4. Network Sourcing: To access new expertise and resources, network sourcing taps into three types of alliances, forming purchasing networks, service provider networks, or combinations of these. Any of these solutions can provide flexibility and organizational agility. Unfortunately, these interactions can be complex to manage and foster dependency. 

  5. Mesh Sourcing: For a very specialized, integrated environment, meshing operations across several interdependent organizations, industries, and markets can connect mutual interests. Profit, values, and social change are hallmarks of this highly collaborative approach, along with efficiency, innovation, and sustainability. But it can also lead to a loss of control and responsiveness.  

How Procurement and Sourcing Affect Your Business

Sourcing in procurement and supply chains can improve your business to a very high degree, especially as the global marketplace is changing rapidly. 

First, the procurement sourcing process can lead to ever greater efficiencies, ensuring timely (and trackable) delivery of products and services. Second, quality can be improved through proper alignment with vendors and their own processes. Third, it allows your organization to procure items, services, and contracts at better prices. Having these three major pieces in place means your organization is then free to pursue innovation to gain a competitive edge with price, quality, and convenience. 

Other ways that great procurement and sourcing can affect your business include improved supplier relationships, inventory, globalization, risk avoidance, and sustainability. Procurement shouldn’t be taken lightly.

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How to Strategize for Improved Sourcing and Procurement

If you’re going to gain the positive effects of sourcing and procurement, you must strategize. Here are three elements you need in your strategic procurement plan.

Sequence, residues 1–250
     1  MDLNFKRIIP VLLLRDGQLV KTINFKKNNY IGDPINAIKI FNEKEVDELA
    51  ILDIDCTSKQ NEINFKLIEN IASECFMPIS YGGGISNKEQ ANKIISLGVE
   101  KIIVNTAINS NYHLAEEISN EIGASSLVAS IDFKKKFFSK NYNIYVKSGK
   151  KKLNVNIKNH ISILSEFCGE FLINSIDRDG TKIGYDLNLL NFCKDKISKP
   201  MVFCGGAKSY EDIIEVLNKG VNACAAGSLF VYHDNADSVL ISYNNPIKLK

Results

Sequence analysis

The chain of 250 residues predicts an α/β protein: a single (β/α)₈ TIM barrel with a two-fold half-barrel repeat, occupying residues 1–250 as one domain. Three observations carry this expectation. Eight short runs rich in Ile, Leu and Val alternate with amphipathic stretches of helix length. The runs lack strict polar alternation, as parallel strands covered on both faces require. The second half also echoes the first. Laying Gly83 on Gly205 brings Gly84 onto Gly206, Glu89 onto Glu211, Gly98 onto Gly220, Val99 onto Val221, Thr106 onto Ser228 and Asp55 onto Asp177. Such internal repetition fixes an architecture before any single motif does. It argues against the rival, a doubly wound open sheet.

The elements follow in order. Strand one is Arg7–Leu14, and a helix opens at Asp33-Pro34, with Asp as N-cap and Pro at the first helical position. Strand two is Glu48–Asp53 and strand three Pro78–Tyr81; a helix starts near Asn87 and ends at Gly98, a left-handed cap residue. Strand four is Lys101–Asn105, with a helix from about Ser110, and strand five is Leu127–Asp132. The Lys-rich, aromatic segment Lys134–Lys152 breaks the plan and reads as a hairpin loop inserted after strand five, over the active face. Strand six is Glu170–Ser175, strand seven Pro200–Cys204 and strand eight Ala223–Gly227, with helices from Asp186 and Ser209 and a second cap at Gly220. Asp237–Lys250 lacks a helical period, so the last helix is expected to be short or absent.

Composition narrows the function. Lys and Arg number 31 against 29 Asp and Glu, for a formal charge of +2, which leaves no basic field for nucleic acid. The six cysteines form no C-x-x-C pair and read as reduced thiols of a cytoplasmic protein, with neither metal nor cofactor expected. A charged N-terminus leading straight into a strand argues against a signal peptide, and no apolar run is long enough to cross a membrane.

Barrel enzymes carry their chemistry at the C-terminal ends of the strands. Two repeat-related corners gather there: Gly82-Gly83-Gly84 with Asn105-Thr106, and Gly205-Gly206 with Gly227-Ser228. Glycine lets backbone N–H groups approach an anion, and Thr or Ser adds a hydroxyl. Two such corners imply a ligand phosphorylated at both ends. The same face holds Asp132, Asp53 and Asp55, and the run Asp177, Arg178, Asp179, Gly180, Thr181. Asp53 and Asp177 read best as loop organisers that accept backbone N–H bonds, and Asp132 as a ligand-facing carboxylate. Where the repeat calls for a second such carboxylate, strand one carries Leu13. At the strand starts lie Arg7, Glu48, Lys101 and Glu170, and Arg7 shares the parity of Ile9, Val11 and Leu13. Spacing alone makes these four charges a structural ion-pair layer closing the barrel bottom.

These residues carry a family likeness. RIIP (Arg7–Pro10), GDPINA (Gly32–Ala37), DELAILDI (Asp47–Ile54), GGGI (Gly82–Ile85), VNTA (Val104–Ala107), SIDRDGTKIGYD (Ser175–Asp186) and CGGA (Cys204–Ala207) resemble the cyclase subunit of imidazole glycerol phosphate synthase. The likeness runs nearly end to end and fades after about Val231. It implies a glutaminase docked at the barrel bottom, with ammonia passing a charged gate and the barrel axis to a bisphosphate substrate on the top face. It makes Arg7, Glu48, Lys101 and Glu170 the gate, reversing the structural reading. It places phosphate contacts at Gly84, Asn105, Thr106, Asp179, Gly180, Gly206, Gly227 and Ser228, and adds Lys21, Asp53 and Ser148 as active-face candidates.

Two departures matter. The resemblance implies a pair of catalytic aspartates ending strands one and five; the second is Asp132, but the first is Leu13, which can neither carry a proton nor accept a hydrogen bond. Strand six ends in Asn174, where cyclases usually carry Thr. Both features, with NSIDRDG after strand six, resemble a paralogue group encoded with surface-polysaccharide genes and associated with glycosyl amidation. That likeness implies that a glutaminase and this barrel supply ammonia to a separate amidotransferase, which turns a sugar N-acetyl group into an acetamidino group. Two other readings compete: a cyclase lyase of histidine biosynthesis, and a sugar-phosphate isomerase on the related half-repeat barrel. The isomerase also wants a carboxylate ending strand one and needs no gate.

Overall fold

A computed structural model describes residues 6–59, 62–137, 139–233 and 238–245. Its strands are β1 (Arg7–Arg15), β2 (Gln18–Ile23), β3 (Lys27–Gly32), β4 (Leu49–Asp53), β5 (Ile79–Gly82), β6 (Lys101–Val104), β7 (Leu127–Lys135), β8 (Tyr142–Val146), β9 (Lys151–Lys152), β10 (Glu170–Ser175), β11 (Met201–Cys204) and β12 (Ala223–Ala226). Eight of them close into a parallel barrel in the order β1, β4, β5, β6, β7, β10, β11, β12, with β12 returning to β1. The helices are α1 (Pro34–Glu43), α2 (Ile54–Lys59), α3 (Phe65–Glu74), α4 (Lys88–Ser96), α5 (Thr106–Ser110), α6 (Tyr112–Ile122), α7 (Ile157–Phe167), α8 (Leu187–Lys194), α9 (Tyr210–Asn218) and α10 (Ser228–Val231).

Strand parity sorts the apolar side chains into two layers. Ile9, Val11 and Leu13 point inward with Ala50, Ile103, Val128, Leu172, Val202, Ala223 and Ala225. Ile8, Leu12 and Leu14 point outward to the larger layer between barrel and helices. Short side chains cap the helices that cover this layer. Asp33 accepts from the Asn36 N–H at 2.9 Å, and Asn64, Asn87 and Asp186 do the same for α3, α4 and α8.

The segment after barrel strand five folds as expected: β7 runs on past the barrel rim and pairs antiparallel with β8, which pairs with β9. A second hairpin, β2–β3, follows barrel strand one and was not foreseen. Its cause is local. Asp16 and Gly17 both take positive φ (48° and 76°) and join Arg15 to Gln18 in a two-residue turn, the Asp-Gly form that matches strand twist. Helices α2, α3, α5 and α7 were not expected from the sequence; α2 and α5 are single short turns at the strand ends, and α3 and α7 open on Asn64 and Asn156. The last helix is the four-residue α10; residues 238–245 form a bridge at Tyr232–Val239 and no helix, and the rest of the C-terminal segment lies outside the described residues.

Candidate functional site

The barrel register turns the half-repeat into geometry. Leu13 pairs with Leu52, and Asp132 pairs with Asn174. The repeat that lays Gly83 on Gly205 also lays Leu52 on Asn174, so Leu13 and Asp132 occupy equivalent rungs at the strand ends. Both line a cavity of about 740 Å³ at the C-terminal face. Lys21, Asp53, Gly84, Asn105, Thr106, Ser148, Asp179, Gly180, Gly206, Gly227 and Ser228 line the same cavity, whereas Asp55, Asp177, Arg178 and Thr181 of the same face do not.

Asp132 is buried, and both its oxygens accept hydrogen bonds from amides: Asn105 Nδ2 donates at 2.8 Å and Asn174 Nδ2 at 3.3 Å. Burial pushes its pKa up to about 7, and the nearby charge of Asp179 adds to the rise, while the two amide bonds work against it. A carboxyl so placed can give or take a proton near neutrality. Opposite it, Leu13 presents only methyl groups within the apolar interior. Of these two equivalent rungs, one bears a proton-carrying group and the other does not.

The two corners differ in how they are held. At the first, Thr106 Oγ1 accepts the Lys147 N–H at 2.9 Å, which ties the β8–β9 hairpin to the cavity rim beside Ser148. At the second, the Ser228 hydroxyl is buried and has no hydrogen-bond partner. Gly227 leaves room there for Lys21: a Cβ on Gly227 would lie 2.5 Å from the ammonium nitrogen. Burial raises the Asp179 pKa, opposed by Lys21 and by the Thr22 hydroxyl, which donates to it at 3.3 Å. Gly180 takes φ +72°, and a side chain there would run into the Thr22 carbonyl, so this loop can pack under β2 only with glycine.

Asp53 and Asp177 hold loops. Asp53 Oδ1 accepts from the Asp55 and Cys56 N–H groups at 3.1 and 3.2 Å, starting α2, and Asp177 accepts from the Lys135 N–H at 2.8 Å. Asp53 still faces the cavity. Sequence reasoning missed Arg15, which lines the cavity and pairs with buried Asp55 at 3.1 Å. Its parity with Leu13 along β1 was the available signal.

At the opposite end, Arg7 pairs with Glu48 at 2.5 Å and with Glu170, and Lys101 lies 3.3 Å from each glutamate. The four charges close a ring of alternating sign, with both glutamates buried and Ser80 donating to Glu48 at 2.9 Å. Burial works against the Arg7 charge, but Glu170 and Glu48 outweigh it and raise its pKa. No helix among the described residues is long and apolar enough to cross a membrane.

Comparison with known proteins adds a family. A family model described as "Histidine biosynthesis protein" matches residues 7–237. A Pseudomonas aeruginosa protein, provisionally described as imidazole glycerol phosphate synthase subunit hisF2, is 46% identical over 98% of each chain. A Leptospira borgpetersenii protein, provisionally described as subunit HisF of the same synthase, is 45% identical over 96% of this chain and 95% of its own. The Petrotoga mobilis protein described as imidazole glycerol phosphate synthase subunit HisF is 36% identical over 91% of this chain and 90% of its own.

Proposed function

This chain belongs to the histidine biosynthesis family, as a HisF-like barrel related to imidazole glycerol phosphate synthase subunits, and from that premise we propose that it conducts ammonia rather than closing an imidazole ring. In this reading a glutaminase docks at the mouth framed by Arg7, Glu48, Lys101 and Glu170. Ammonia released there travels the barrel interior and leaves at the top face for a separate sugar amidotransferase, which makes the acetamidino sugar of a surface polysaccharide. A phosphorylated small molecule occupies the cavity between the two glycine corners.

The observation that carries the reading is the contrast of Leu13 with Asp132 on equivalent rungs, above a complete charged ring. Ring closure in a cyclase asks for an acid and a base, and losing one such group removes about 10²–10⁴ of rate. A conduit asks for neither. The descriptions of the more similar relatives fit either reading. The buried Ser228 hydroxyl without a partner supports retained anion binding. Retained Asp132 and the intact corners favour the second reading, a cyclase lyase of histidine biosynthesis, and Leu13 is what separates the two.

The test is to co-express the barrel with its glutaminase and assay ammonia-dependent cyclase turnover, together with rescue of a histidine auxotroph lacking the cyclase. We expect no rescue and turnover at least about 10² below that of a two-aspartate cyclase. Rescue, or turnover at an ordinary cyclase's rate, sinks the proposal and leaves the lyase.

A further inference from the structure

1. Qualified Suppliers

For your plan to work, you must start at the beginning. Sourcing qualified and available suppliers is the basis for everything else procurement does. There are two key steps in this part of the process:

  1. Supplier Prequalification: Collect documentation, verify the data, and manage compliance.

  2. Supplier Quality Audits: Identify gaps between expected and actual performance, complete risk profiles, and manage risks.  

2. Procurement Services

The procurement services that must be managed include:

  • Having quick access to supplier information, enabling easy onboarding of new and existing suppliers, and getting a consistent and accurate view of your supply chain

  • Integrating software that handles your supplier prequalification and quality audits with all your other software to empower faster and better decisions

3. Supply Chain Management Technology

Using technology in the form of supply chain management software is an effective way to help tackle the many complicated and time-consuming tasks of procurement and sourcing.

Some key advantages of doing so are:

  • Minimized risk

  • Reduced lead time 

  • Increased visibility

  • Maximized data quality


Sourcing for procurement in supply chains is a monumental task that seems to be growing by the day. To tackle it, take advantage of the variety of different sourcing methods available, if you run into a sourcing bottleneck that calls for it. 

Make a strategic procurement plan that involves qualifying suppliers, managing audits, and utilizing the right technology. In the end, you’ll find your business is in a much better position to compete on a global scale.

To learn about how Avetta helps procurement teams find qualified suppliers, visit our website, call 844-633-3801, or email [email protected].